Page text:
Fight Film Friday: The Fighter

Posted: December 24, 2010 in fight film friday
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The Fighter
USA, 2010
Genre: Sports, Drama
115 minutes

Mark Wahlberg stars as “Irish” Micky Ward during his road up the world championship.

An avid boxing fan and friend to Ward, Mark Wahlberg brings the boxer to life on the silver screen in a stunning and rather unflattering portrayal of the boxer’s life at the start of his professional career. Wahlberg’s depth of character is fascinating, adding a sense of realism to what is widely regarded as a fairy tale journey. In particular, Christian Bale and Melissa Leo do amazingly as Ward’s brother and mother respectively, painting a rather harsh picture of Micky’s home life. There is no real villain in the narrative sense of the word, but watching Leo and Bale on screen is frustrating to say the least, making the ending much more satisfying after the dust settles. Also deserving note is Amy Adams, who portrayed Ward’s girlfriend Charlene. After a stint of fairly nice and sweet characters, Adams easily shakes off her Disney-clean typecasting with this performance.

Star-studded casting aside, director David O. Russell really dedicated a great deal of effort to making the film as genuine as possible. There’s a blend of conventional and documentary style camera work, often putting the audience right in the middle of the action on screen. For the actual boxing matches, Russell decided to use the old Beta cameras, along with actual audio from the HBO broadcasts of Ward’s fights. To hear Lampley, Merchant, and Roy Jones Jr. commentating adds such a dynamic sense of realism to the movie, making it all the more jarring when the action cuts away to the family watching at home, which was not filmed in such a way. Still, it’s quite obvious that a great deal of passion and research went into making this project a reality, from filming in the real Lowell, MA to bringing in Ward’s real trainer Mickey O’Keefe. It’s all of these details, big and small, that really makes this film what it is.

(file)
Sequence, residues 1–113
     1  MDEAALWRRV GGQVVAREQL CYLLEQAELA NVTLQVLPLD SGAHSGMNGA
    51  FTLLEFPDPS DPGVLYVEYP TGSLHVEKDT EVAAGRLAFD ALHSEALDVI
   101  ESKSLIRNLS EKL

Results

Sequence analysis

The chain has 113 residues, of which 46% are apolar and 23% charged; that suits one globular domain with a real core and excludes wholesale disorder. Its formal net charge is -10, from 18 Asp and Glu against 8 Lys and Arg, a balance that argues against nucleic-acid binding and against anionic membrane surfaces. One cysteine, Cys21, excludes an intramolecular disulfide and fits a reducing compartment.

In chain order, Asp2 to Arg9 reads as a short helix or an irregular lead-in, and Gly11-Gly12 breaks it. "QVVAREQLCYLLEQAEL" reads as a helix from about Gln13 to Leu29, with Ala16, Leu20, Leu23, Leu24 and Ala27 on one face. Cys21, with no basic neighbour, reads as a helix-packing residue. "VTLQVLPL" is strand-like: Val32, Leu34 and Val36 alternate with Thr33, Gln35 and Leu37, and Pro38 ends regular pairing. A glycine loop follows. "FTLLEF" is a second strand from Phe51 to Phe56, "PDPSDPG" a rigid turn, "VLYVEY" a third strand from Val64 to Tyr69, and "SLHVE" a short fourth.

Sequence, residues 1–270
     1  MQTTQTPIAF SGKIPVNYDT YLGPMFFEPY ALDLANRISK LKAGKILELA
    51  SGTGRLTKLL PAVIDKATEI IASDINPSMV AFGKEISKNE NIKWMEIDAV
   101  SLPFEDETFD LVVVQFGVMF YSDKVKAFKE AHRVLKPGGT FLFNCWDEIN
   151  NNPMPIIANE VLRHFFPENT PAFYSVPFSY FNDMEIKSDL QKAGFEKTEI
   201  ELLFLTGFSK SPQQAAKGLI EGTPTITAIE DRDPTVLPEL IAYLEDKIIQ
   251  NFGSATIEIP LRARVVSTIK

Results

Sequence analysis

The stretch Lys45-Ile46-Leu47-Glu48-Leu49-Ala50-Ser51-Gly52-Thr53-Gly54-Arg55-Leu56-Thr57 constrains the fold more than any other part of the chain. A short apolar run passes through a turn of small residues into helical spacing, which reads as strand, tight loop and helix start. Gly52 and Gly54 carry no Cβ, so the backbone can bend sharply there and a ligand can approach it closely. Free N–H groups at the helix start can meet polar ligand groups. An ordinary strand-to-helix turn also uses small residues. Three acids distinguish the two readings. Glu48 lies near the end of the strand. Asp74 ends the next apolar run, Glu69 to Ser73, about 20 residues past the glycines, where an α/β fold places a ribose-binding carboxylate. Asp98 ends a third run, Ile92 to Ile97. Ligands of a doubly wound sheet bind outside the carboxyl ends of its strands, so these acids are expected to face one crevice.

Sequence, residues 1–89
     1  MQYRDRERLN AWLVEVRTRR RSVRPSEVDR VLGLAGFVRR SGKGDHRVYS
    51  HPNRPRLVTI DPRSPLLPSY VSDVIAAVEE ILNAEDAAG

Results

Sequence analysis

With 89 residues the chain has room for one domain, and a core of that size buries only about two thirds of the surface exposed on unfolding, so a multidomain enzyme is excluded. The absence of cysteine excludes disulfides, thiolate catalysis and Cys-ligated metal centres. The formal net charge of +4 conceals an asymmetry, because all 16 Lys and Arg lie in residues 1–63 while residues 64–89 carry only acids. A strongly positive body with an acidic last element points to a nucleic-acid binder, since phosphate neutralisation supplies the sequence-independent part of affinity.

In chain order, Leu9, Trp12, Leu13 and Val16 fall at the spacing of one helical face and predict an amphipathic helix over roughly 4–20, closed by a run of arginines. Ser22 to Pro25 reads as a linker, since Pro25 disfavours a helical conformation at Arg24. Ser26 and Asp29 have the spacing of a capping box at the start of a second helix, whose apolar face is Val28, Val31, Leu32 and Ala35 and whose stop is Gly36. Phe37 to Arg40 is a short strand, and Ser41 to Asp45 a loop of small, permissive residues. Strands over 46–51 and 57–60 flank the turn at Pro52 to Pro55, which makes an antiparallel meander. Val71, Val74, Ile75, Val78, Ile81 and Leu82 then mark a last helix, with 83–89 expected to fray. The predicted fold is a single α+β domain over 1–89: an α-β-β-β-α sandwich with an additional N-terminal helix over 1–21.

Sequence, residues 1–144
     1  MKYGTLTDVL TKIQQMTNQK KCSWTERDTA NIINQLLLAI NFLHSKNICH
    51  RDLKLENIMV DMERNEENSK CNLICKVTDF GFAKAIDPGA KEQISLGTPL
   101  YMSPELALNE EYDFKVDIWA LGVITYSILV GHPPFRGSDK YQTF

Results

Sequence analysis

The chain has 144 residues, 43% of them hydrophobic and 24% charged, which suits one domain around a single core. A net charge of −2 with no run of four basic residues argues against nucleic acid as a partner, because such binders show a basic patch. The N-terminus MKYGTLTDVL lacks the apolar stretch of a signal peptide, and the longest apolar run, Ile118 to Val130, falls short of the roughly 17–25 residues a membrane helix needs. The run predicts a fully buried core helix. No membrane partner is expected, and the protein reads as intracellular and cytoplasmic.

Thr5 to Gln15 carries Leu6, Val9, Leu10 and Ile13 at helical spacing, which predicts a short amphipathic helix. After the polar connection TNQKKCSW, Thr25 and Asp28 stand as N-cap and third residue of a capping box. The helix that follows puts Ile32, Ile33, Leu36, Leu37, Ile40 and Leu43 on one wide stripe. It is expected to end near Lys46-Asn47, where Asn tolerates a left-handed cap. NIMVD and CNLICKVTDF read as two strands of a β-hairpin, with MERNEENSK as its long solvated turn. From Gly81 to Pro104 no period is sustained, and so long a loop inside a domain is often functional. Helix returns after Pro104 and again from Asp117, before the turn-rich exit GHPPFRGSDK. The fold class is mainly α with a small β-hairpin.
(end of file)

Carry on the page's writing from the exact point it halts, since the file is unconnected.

Wahlberg stated in earlier interviews that, while a fan of all the great boxing movies, he felt that the fights were never real enough on screen. In line with the rest of the film’s realism, the boxing matches had to be as genuine as possible. Wahlberg did all the fights himself, and brought in famed boxing coach Freddie Roach to train him in the sweet science. While the matches don’t quite measure up to the real thing, they definitely look much better than any other boxing movie to date. Ward’s signature style is easily apparent, and thanks to audio from the real broadcast, all of the fights feel absolutely like watching the event live. The Fighter is a fantastic labor of love, and is an amazing tribute to a great boxer. With its powerful storytelling and attention to details, I’m confident that this will go down as one of the crowing achievements in boxing cinema.

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